File picture: Independent Media.
File picture: Independent Media.

Sparks fly over plans to create new bus service entity in Durban

By Siboniso Mngadi Time of article published Sep 6, 2020

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Durban - The Tansnat Durban bus company has opposed the eThekwini municipality’s plans to establish a new entity that will take over the operation of the city’s lucrative bus services.

The municipality recently approved a road-map report for the establishment of the entity to improve the bus services in the city.

However, it noted in the report that the process was severely delayed by court processes brought by Tansnat.

This week commuters were left stranded yet again after Tansnat bus drivers embarked on a strike demanding better salaries and benefits.

Drivers who claimed to have received death threats from Tansnat bosses when they asked for a salary increment, left buses on major highways blocking traffic during Monday’s peak hours.

Tansnat, which is owned by Mandla Gcaba – the nephew of former president Jacob Zuma - has been running the city buses for over a decade.

The company is still locked in a court battle over the multimillion-rand debt the municipality made against it.

Tansnat argued that it was the municipality that owed them.

Vickesh Maharaj, Tansnat’s chief operations officer said the municipal entity, “on any basis” was not due to be established for many years.

“The municipality’s feasibility projections reveals that operating the bus service through the entity will be far more expensive than the present situation. It would be even more expensive than either option.

“Tansnat has opposed the expression of interest for the formation of an operating management company and opposes the establishment of a municipal entity as it does not believe that this is in the public interest,” he said.

Maharaj said the R300 million debt was a result of short payments made by the municipality over several years.

He said there were various disputes between the city and Tansnat.

“We are hopeful that the adjudication process will be finalised in the hearing set down on October 5.

“It is this process that will determine whether it is the municipality that owes Tansnat money or vice versa.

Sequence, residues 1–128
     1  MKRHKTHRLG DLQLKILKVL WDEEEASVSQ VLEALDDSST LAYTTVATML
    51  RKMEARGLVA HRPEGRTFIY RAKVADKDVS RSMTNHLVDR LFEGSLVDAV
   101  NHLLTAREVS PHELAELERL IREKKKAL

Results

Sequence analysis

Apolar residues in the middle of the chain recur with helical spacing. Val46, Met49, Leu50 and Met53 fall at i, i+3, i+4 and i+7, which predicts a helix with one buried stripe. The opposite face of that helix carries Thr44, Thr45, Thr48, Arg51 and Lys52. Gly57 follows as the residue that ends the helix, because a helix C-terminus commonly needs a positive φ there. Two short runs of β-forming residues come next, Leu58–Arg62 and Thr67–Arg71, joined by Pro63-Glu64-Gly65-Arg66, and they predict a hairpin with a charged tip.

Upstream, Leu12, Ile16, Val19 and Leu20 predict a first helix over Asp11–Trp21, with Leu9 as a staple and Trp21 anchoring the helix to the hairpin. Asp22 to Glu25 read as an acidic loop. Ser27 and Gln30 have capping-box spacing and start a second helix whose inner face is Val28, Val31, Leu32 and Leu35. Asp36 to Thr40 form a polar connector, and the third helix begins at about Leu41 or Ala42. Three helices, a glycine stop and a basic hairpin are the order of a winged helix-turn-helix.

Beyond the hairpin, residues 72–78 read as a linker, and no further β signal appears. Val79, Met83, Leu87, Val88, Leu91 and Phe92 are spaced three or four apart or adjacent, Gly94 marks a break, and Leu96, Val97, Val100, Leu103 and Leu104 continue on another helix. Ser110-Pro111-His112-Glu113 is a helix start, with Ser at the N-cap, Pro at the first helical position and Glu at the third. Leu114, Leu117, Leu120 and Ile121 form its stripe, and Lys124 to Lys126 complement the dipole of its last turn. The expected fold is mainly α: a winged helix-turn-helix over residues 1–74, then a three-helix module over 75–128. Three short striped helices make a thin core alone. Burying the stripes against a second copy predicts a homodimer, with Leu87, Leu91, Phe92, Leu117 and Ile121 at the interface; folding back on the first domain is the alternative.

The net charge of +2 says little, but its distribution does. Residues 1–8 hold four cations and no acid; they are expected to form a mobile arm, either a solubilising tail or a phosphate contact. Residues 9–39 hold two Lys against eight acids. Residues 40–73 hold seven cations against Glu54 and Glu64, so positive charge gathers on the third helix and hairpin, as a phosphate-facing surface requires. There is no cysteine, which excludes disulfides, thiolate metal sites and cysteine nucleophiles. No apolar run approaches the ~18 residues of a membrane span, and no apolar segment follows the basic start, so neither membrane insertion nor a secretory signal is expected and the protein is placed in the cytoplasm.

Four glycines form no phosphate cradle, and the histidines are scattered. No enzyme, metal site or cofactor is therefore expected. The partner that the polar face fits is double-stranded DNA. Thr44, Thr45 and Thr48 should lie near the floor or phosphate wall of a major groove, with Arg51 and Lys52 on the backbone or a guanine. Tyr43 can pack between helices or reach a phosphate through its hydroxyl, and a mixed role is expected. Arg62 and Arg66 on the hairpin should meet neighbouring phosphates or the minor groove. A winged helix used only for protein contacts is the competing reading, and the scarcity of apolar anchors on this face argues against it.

In the road-map report, the entity would be a trial phase to improve bus services and eradicate the glitches that appeared during Tansnat’s operation.

However, even if the city moves to establish the new entity, Tansnat was likely to form part of it.

The city said it would allocate up to 40% shareholding of a new entity to a private individual or business, especially existing public transport operators in the city.

It stated that in the extent that shareholding is given to a private individual, priority would have to be given to designated groups, like black people, youth, military veterans among them.

The report cited Tansnat as “only” African operator – all others were operated by people of Indian descent.

In that case, Tansnat stands as a front runner to be given up to 49% in the new entity.

Opposition parties expressed different views on the item as the DA voted against inclusion of Tansnat in the new entity, while the IFP supported the request.

In response mayor Mxolisi Kaunda said it was an assumption by the opposition party that the city would reinstate the current bus operator.

“According to the National Land Transport Act, the city must outsource 40% of the new entity to private businesses to receive funding from the Treasury.

“But that does not mean we will give it to Tansnat.

“The tender was advertised and anybody can apply to be part of the entity,” said Kaunda.

Sunday Tribune

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